HIPAA FAQ

Our HIPAA FAQ provides answers to some of the most frequently-asked questions about HIPAA. The page is regularly updated to reflect changes to working practices and technological advances, and new areas of guidance issued by HHS´ Office for Civil Rights. To keep up to date with the HIPAA FAQs published on this page, it is possible to follow HIPAA Answers on Twitter.

Q: Is Skype HIPAA-compliant?

A: Skype has been increasingly used by business as a quick and cost-effective form of communication. However, the question remains whether Skype can be used by healthcare professionals in a manner which allows them to send text messages containing electronic protected health information (ePHI) without risking violating HIPAA Rule. (Read More)

Q: What is HIPAA-compliant text messaging?

A: Since its implementation two decades ago, there has been much ambiguity in whether the use of SMS is HIPAA compliant. HIPAA does not explicitly prohibit communicating Protected Health Information (PHI) by text, a system of administrative, physical and technical safeguards must be implemented to ensure the confidentiality and integrity of PHI when it is “in transit”. (Read More)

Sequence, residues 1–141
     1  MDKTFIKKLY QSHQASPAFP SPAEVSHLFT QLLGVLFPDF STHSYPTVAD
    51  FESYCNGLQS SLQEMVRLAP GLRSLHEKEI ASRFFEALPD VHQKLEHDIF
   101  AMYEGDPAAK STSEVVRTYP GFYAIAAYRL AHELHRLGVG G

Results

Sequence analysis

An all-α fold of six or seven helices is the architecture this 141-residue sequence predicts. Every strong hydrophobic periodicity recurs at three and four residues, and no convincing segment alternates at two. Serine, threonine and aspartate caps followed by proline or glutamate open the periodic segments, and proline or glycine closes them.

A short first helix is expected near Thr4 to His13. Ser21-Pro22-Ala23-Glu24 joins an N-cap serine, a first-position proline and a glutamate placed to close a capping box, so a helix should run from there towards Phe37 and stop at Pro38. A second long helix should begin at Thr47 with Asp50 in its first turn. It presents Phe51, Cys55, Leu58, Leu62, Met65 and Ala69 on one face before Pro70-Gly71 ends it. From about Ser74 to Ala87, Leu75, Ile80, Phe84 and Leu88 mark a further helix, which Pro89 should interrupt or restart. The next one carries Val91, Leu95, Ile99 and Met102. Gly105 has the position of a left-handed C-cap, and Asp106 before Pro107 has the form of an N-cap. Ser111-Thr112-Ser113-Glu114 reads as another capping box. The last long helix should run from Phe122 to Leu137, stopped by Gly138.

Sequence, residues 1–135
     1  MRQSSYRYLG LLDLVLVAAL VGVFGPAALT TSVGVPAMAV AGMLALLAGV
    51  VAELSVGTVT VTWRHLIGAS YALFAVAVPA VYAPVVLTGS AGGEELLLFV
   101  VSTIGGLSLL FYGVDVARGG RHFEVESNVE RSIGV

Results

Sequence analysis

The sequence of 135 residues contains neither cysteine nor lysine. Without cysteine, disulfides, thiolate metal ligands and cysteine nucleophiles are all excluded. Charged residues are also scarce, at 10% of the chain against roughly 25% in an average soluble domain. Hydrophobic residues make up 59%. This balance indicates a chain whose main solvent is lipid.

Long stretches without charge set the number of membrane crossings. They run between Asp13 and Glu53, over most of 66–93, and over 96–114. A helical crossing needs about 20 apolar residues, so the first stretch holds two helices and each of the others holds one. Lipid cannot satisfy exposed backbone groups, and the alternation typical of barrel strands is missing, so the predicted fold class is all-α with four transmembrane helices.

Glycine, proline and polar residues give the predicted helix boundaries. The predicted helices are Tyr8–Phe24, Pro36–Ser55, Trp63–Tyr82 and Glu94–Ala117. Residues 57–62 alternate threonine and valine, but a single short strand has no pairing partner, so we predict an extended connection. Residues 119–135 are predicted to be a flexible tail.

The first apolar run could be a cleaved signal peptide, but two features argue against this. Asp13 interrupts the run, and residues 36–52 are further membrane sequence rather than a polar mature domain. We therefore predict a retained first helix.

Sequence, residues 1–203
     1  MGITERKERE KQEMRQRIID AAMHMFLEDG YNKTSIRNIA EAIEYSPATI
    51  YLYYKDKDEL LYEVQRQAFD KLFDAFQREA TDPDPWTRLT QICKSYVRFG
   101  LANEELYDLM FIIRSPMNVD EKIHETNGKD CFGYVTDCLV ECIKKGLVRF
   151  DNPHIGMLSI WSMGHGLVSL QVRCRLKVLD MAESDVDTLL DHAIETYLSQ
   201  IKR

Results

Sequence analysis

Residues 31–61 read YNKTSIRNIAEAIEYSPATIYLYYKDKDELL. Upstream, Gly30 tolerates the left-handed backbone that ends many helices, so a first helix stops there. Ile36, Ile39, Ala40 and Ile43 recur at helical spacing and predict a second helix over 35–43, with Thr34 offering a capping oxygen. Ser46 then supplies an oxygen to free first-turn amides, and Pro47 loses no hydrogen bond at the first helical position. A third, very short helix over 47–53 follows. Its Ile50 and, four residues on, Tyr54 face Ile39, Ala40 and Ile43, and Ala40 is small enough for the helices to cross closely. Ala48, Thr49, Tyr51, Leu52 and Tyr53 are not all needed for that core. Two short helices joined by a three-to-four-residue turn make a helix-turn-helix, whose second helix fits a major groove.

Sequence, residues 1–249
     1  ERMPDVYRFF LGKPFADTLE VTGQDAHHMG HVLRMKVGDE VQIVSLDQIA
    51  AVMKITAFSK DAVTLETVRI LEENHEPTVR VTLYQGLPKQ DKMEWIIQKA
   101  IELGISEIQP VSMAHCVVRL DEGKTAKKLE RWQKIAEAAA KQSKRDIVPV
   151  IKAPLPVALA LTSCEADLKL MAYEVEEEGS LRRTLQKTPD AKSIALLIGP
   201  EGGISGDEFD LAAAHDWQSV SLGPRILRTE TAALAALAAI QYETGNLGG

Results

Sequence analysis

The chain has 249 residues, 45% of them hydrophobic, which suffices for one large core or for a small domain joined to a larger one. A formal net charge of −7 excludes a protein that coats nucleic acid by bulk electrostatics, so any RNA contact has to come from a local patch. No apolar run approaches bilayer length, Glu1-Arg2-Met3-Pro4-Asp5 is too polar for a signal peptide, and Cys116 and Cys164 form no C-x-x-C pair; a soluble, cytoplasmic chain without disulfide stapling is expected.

Q: What are the HIPAA rules for dentists?

A: Many dental offices and dental practitioners are self-contained entities. However, HIPAA rules for dentists apply to any dental office that may send claims, eligibility requests, pre-determinations, claim status inquiries or treatment authorization requests electronically. (Read More)

Q: Are phone calls a HIPAA violation?

A: The rules regarding HIPAA compliance and patient telephone calls have been clarified with a Declaratory Ruling and Order issued by the Federal Communication Commission (FCC). (Read More)

Q: What are the penalties for violating HIPAA?

A: The Department of Health and Human Services’ Office for Civil Rights (OCR) and state attorneys general have the power to issue penalties for HIPAA violations. Alongside the financial penalties, covered entities (CEs) are further required by law to adopt a corrective action plan to bring policies and procedures up to the standard. (Read More)